Mental models can be a usefull tool to aid your decision-making process, reduce complexity, and help you think more clearly. The broader the repertoire of models you acquire, the higher the number of opportunities you can create by connecting them. When using these models, it is critical to constantly question the underlying assumptions and examine whether they are applicable in the specific case. 
They always only can be seen as guiding posts! It is not the intention to blindly adhere to them.

Additional resources

On compounding knowledge

“Knowledge is power. Information is liberating. Education is the premise of progress, in every society, in every family”.

-Kofi Annan-


I recently read Reid Hoffman’s insightful book “The Start-Up of You” wherein the path of one’s career is described similarly to building and running a start-up. Especially the concept of growing your professional skill set as well as building a deep professional network has resonated with me.

In the course of reading the book, one idea I had in my head for several months and has been discussed extensively in the financial blogosphere started to dawn on me again.


The concept of compounding knowledge…

Albert Einstein once called the concept of compounding the eighth wonder of the world. As a finance professional, I’m quite accustomed to the effects of compounding on financial assets, but only recently have I become aware of the importance of this effect on acquiring knowledge and applying it to practical problems.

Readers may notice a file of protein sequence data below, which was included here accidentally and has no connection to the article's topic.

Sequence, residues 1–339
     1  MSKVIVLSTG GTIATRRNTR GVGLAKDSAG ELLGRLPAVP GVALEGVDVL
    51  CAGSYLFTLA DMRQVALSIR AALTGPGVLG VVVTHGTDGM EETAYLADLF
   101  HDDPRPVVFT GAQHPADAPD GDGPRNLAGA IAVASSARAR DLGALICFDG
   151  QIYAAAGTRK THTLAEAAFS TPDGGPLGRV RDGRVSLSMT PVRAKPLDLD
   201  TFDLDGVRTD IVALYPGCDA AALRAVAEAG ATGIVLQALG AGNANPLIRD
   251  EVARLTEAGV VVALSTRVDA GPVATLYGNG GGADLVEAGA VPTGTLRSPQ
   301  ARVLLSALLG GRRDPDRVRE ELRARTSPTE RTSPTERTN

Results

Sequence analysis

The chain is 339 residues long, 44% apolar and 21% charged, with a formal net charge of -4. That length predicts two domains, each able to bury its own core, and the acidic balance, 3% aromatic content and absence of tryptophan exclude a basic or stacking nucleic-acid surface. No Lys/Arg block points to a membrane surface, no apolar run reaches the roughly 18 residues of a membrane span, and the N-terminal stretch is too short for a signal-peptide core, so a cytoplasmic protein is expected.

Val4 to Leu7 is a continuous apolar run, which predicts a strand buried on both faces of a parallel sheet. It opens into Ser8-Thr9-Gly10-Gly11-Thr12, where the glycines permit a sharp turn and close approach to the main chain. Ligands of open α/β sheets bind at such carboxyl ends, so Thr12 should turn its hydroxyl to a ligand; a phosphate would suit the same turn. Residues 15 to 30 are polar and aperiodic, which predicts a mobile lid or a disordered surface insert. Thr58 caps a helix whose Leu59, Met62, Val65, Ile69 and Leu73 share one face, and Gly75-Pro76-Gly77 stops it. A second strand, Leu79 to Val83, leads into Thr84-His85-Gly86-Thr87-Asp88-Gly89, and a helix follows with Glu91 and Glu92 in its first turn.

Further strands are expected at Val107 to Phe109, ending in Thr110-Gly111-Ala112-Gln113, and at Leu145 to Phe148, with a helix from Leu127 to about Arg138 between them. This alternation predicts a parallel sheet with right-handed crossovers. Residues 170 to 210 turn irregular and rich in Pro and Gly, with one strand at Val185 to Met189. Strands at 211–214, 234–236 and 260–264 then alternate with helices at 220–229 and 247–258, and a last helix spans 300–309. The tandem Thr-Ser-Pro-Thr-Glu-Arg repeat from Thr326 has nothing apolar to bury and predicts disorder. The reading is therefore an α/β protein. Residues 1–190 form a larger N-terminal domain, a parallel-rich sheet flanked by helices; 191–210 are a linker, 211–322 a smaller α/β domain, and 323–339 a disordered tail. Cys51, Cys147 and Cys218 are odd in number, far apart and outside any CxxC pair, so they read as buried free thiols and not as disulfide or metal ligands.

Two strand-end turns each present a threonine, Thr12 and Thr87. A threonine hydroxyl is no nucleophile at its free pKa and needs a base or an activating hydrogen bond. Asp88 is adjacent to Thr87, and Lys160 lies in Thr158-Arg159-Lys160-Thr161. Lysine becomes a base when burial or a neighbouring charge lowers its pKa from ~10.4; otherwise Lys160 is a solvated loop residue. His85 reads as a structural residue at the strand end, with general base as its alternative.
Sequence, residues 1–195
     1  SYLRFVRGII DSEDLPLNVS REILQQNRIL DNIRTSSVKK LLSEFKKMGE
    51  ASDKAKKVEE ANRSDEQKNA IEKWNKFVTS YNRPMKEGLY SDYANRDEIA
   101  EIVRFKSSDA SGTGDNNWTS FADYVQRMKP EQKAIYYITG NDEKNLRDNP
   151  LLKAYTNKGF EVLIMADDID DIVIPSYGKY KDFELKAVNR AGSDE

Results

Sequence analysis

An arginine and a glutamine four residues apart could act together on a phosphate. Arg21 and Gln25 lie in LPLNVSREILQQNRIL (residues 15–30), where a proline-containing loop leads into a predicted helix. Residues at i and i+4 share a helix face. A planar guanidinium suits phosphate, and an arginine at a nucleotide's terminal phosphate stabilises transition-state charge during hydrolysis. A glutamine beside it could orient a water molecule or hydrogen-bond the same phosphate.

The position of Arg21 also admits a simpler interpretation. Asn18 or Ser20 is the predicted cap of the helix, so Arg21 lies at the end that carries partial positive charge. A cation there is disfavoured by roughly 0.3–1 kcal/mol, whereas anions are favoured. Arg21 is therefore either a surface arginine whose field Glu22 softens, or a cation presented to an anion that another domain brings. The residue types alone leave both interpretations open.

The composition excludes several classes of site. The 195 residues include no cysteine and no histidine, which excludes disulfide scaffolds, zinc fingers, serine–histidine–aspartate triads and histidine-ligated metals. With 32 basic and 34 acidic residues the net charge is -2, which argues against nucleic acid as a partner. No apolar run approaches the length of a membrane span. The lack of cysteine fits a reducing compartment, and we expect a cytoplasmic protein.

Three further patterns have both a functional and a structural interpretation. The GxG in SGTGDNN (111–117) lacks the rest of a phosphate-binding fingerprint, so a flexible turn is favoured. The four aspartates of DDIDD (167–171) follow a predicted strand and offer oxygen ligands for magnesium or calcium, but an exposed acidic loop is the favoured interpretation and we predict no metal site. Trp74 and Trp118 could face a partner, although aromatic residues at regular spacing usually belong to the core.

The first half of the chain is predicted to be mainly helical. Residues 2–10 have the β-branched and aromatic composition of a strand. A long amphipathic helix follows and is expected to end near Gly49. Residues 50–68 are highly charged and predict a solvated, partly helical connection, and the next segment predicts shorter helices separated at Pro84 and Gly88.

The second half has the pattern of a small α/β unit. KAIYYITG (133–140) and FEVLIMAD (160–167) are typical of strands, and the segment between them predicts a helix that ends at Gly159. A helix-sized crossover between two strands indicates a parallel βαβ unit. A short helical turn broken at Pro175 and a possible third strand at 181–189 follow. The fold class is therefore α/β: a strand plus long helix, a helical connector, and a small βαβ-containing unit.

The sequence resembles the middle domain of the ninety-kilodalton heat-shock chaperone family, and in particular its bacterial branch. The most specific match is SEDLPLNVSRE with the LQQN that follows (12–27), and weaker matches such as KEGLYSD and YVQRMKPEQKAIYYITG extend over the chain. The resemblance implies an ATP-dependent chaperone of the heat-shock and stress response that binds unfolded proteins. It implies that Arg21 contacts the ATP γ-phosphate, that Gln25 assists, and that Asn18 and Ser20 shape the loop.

To gain a better understanding of my train of thought, I’d like to start with a habit I’ve picked up over the last five years and further cultivated since working full time as a Portfolio Manager.

I set out my goal to accumulate as much knowledge as possible each day by listening to podcasts or reading books, blogs, and research papers.

On any given day I start my knowledge gathering activities when commuting to work by listening to my favorite podcasts on finance & economics, entrepreneurship or sociology.

After arriving at my workplace I dedicate the first one and a half-hour of my workday to a deep reading of research on various aggregators like Abnormal Returns or Quantocracy and a diverse set of other authors of financial research. (My all-time favorites are Aswath Damodaran, the Macro Tourist, and Epsilon Theory)

At first, I felt unproductive because reading general research didn’t contribute directly to getting rid of the daily workload. After a while, I noticed small changes in my way of dealing with new tasks especially when the objectives were unspecific.

Not exactly knowing where these changes came from, I was slightly confused. It seemed, that I subconsciously used my knowledge reservoir during the problem-solving process to view the tasks at hand from different angles and come up with fresh solutions. Not only seemed the rapid acquisition of knowledge to bear fruit, but the effect seemed to accelerate over time. The theoretical knowledge connected with my practical experience and created a feedback-loop that fed on itself.

This was the first time I experienced the compounding knowledge-effect first hand. Since then I upped my knowledge acquisition game and try to read as many books, listen to as many podcasts as I can and try to incorporate these ideas in my daily work.

I can’t encourage anyone enough to start compounding their knowledge and use it in their professional as well as personal lives. The rewards will be mindblowing!